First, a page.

In the past weeks, we have seen the work of some truly hard fought student divestment campaigns come to fruition.
Following three years of campaigning and upping the ante at King's College London, the university committed to divest all of their fossil fuel holdings by 2022. The student action taken, which involved escalation not only in the form of an occupation but also a hunger strike by one of the activists, was incredibly inspiring and displays how direct action is often necessary to achieve a victory at our institutions.
This announcement came the day after Bristol announced they were divesting from coal and tar sands, and that they had already shifted £3 million into “companies which enhance the environment and life of the communities in which they operate.” Without the three years of tireless efforts by student campaigners, this crucial change would not have happened - which displays the power we have when we work as a collective towards a shared aim.
Both of these announcements come a week after Sheffield revealed, through their fund manager Sarasin and Partners that they had already divested approximately £937k from coal and tar sands companies, and reinvested that money into renewable energy infrastructure companies.
Off the back of these amazing announcements questions around where reinvestment should be focused come into the conversation.
As Michael Kind’s (Development Officer at Sheffield Students’ Union) blog highlighted, “one of the barriers that has proven particularly difficult to overcome is that energy systems are controlled in incredibly hierarchical ways. In effect, this means that the CEOs who profit from fossil fuels are able to perpetuate their dominance and distribution, while the masses have little influence yet by and large face their diverse destructive impacts.”
And sadly this is one of the issues that we still face when reinvesting into large scale renewable corporations. Not only are they based within the same system of control, where profit remains the focus, but some have also been complicit in land grabs from indigenous communities, in an echo of the fossil fuel industry’s colonial behaviour. Clearly, this isn’t what we want when we are pushing for a radical new way of organising society.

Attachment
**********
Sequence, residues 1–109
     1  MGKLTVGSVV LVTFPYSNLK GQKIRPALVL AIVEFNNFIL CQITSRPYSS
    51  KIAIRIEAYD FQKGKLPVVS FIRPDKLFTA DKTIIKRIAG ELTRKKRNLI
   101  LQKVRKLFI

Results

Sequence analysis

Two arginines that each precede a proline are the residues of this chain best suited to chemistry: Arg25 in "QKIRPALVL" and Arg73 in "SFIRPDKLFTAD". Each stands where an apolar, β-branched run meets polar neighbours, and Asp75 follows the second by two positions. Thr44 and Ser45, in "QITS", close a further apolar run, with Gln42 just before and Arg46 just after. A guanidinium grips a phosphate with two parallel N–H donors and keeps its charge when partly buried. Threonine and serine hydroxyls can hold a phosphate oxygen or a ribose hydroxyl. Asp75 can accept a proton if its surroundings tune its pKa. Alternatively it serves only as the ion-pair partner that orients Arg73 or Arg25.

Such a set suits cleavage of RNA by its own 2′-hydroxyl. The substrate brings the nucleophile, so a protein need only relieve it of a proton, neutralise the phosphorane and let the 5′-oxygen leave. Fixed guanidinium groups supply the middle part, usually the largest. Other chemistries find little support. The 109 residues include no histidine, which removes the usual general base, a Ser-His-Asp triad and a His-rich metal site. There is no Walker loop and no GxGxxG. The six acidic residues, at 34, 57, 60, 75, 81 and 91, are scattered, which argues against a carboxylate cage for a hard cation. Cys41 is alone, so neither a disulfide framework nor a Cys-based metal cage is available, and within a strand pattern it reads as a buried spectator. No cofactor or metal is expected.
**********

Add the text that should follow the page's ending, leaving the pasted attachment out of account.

So how do we overcome this?
Well, we seek to place the power back into the hands of people. And we mean that literally.
What I am about to consider is a two-pronged approach to reinvestment, which not only considers where we reinvest, but how we do so.
In terms of where, one way of redistributing the power is to push for reinvestment into community energy projects. This could be those based in the local community, such as Sheffield Renewables; transformational projects based in the Global South, such as the Yansa Group in Mexico; or into community energy projects based on our very own campuses, like Solar SOAS’ initiative.
And at our educational institutions we can go even further than this by considering how this decision is taken – how do we democratise our institutions as we take these decisions?
We place reinvestment choices directly into the hands of students.
In 2016, Linacre College (Oxford) took 1% of their endowment portfolio and opened it up for students to decide how to invest. A student-led ethical investment committee was set up, tasked with exploring ethical and local investment opportunities. A couple of ideas were then proposed and after an exploration of their feasibility and due diligence, both the Finance Committee and the Governing Body signed off on reinvestment into the Oxford Low Carbon Hub. Whilst this was not a divestment from fossil fuels, their creative idea can be applied to this context and could form a fundamental part of how decisions are taken over where to reinvest funds committed to divestment.
This opening up of the endowment could be applied in tandem with a ‘Participatory Budgeting’ style of decision-making, where people vote on where a pot of money should be allocated. In 2015, Lancaster University Students’ Union used this, acknowledging that the student body did not have a say over how money is spent on their behalf - be that the University's surplus or, in some cases, the Union's budget. They accepted ideas from the student body of how to spend a portion of their budget, and during elections put the ideas out to a vote – with bookable megaphones coming out on top!
To apply this to reinvestment, students submit ideas (the viability of which would have to be explored), and then it is put out to a vote. This pot of money could be the entire endowment of the university, part of the endowment, or even just the amount divested from fossil fuels. It’s a simple but effective way for students, or even the entirety of the university community, to be involved with decision-making.
‘Participatory Budgeting’ is a tried and tested successful process, as seen above, and has already been used by Local Authorities deliberating on where to allocate funds. In June 2016, for example, Maybole, in South Ayrshire, Scotland, voted on how a £20,000 pot of money should be spent in the local community.
As one of the major driving forces behind the divestment movement is energy democracy, the redistribution of control over energy resources into the hands of the masses rather than the current concentration of it in the higher echelons of society, is an end to be pushed for. By allowing students to create a committee and consider submitted ideas of where ethical investment could take place, and then opening this up to the vote, universities would truly be conceiving of students as partners in the decisions they take - rather than as the passive consumers they are too often presented as.